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As for the glue that unites Catalonians it's their language, unique to the region. Spoken by a few, understood by most and mixed with Spanish by many, Catalan is the the wind on which a fervent nationalist movement, demanding independence, stays aloft. As we traveled with Pongiluppi, with no detail unnoticed and no question unanswered, Catalonia came to life. We learned more about the great and small -- village life, museum exhibits, mushroom-growing habitats and medieval stone quarries -- than we could have ever discovered on our own. The impossibly-steep, terraced hillsides? Ancient abandoned vineyards. The lake? A wetlands popular with birders. When the flower-bedecked staircase in Begur looked familiar it was because it appears in a scene in the film "Suddenly Last Summer." The damaged church, its carvings destroyed and ancient frescoes covered with white paint? Painful evidence of the still-remembered Spanish Civil War and long-dead friends and relatives.

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We also learned what Salvador Dali, the master showman, was all about. His childhood home, which the family lost but which he bought back and remodeled, is a testament to an artist's addiction to shapes and color. Now a museum, the house is a repository for souvenirs he collected traveling. See it in Port Lligat, in Cadaques. For Dali's best, most symbolic works, see the collection at the fanciful Dali Theatre Museum, in Figueres, (arrive early to avoid the crowds) where he spent the last years of his life. Don't miss Gala's house at Pubol, in La Pera, the manor he bought for his wife, Gala, who accepted it with the provision that it was hers along, and he would never stay overnight. But during the initial remodeling, he filled it with funny, sentimental and symbolic touches, each a clue to the influences that shaped his life. Don't miss the photo exhibit upstairs, which documents their marriage life.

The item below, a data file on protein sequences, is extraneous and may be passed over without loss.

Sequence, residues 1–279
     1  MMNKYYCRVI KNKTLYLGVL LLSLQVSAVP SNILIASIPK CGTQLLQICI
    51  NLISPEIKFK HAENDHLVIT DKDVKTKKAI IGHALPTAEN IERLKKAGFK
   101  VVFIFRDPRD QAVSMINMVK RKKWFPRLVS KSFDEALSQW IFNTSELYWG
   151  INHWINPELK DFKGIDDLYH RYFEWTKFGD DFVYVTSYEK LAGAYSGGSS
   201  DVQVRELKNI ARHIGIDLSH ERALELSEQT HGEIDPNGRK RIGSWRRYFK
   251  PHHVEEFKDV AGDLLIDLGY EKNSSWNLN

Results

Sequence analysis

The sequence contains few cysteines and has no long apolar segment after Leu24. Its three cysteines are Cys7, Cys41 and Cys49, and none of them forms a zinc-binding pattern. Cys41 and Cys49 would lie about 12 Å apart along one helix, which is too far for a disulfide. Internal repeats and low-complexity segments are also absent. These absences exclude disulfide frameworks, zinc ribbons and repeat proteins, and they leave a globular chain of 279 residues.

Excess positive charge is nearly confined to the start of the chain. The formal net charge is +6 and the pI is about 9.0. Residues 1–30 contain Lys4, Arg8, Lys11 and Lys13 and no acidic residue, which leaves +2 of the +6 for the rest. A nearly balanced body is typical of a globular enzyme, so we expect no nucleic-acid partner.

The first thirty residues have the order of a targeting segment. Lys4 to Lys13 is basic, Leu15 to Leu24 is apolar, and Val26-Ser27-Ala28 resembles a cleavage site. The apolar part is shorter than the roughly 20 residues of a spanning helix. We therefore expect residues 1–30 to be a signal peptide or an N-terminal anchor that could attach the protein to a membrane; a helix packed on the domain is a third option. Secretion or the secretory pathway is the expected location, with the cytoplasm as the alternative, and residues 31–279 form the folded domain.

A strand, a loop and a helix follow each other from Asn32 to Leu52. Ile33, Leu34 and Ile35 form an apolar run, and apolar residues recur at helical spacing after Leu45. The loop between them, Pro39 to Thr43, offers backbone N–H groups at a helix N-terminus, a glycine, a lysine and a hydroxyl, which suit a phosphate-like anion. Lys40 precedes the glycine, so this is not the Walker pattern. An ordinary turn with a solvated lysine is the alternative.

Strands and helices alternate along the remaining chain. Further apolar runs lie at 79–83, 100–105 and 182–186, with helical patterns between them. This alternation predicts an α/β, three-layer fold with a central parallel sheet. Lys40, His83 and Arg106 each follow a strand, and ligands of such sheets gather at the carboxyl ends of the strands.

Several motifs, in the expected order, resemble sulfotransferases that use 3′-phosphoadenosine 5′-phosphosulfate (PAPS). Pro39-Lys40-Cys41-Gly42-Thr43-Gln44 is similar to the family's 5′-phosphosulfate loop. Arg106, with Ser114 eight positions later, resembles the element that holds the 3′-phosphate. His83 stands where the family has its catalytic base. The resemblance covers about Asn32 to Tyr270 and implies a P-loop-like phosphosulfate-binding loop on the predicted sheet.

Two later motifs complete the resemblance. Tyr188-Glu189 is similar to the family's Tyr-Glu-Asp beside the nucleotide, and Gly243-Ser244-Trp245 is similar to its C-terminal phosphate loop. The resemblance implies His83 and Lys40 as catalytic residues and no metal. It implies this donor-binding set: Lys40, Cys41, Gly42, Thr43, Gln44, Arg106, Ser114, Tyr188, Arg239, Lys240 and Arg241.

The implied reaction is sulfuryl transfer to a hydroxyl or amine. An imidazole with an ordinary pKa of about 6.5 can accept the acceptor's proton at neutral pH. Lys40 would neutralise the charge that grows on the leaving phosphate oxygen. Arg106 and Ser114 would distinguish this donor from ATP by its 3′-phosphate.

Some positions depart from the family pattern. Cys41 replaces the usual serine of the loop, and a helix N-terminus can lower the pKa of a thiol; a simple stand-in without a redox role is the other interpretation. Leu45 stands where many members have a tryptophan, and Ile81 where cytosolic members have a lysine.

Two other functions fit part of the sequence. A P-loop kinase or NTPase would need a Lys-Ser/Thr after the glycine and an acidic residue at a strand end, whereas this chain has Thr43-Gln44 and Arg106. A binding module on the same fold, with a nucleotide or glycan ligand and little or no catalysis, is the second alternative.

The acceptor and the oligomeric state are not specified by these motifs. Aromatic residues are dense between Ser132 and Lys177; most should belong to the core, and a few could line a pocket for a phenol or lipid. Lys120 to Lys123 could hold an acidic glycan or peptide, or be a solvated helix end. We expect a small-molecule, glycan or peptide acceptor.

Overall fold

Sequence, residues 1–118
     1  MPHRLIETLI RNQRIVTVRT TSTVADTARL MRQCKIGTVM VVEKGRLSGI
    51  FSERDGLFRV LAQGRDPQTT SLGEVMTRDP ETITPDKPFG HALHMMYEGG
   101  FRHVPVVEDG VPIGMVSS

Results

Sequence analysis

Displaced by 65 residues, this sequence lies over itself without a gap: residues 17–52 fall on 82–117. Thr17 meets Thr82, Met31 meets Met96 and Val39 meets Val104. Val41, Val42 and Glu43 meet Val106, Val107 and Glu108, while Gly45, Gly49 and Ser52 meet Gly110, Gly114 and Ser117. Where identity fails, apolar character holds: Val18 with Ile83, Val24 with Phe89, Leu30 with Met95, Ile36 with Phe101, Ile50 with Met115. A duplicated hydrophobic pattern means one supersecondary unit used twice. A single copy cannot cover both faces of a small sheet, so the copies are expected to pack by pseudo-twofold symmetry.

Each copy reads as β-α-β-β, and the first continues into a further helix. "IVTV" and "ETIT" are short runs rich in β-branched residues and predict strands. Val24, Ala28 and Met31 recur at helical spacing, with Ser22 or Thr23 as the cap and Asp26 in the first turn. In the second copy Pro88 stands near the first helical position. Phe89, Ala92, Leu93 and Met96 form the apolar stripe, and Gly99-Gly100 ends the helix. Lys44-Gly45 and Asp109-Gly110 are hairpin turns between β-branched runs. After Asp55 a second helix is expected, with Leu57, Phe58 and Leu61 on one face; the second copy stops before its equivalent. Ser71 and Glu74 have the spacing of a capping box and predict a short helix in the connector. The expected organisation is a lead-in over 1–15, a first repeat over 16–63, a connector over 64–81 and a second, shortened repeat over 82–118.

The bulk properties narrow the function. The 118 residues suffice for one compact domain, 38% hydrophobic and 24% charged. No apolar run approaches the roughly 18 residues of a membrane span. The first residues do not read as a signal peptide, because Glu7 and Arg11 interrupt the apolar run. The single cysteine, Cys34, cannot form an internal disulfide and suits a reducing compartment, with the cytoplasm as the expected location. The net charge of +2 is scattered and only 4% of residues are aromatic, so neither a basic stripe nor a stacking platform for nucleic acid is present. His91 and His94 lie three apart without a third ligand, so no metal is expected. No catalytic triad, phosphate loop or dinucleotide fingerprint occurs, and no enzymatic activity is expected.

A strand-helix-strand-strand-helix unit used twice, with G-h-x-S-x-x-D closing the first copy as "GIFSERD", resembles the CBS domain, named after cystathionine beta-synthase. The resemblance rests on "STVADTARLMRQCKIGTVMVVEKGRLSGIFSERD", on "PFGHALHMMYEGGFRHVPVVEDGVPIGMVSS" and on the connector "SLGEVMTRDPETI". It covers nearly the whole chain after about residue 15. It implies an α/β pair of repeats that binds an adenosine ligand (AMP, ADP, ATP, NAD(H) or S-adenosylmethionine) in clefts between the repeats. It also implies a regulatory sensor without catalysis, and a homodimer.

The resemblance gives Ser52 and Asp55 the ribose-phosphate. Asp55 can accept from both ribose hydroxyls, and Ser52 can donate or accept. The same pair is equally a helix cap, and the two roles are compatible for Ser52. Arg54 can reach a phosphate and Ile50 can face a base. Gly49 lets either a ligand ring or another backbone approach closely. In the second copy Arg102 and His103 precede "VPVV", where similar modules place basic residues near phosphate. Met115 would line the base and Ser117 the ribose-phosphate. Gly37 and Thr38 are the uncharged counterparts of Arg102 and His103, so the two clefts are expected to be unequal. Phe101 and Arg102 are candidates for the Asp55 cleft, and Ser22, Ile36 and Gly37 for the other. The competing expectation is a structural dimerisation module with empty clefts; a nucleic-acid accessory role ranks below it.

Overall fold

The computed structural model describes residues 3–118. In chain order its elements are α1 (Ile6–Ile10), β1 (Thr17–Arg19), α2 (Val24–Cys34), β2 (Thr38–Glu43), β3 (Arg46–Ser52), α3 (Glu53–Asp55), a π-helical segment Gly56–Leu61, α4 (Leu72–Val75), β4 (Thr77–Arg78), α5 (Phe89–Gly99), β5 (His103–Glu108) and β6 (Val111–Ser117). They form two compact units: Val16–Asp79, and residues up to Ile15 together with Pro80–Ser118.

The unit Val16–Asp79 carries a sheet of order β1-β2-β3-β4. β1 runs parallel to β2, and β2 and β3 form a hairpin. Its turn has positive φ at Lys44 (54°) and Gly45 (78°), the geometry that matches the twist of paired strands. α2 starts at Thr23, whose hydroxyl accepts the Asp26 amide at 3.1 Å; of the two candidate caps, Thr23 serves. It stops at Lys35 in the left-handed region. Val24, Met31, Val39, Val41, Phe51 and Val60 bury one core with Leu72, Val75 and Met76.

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Our most southerly excursion took us to the port at Palamos where we boarded a creaky, nicked wood sailboat owned by a friend of a friend -- a relationship never made clear -- for a signature Mediterraean jaunt and when we anchored off a cove, a refreshing swim in blue water so clear you could see the bottom, 20 feet below. The next day we drove north through wild, rugged hills to to Cap Creus, the rock-strewn headland Dali called "a reflection of my tortured mind." From high on the cliff, the Mediterranean sea fills the frame, coastal cliffs, narrow and rocky peninsulas laid out from Spain to France. Here, too, were backpackers toiling uphill on the Camino de Ronda, heading for the café and parking lot near the summit. Retracing an ancient coastal path, the Camino de Ronda is now a National Trail, open to the public even if it crosses private property. When we stopped at Playa del Canadell, Pongiluppi pointed out where the trail and the sidewalk are one, running beside the sand directly in front of cafes and souvenir shops, or crossing homeowners' private decks.
"It's quite funny," he said. "Sometimes you get there and the family is sitting outside eating dinner and tourists are walking back and forth past the table. But the public always has the right of passage."
Or as first-time visitors might add: the Costa Brava is a rite of passage.

THE NITTY GRITTY:
We stayed at the Hostal Empuries, in L'Escala, a mid-range property and restaurant on an inviting swimming beach. (The property is rated a hostal because it was originally a restaurant with available rooms.) The footprint follows the design of a Roman villa design, with one-story rooms around formal gardens. The adjacent, two-story hotel, now renovated, also belongs to the property. The special attraction here? Empuries, a Greek and Roman archaeological site 100 yards away. Moderately priced. See it at www.hostalempuries.com.

www.hostalenmpuries.com or at info@hostalempuries.com.
Farther south, we stayed at Mas de Torrent, in Torrent, a family-owned, restored stone manor house on a hill, with spacious public rooms, two fine restaurants, a spa and pool and gardens with extensive views. The beach is three miles away. A five-star property, a few of its 39 luxury rooms are in the house. The rest are in adjacent cottages. Most guests are weekenders from Barcelona here for the fine cuisine and proximity to the beach. At www.mastorrent.com; or at commercial@mastorrent.com

My list of top-ten favorite getaways includes Spain.

Photography for this blog is provided courtesy of ColorWorld/Steve Haggerty.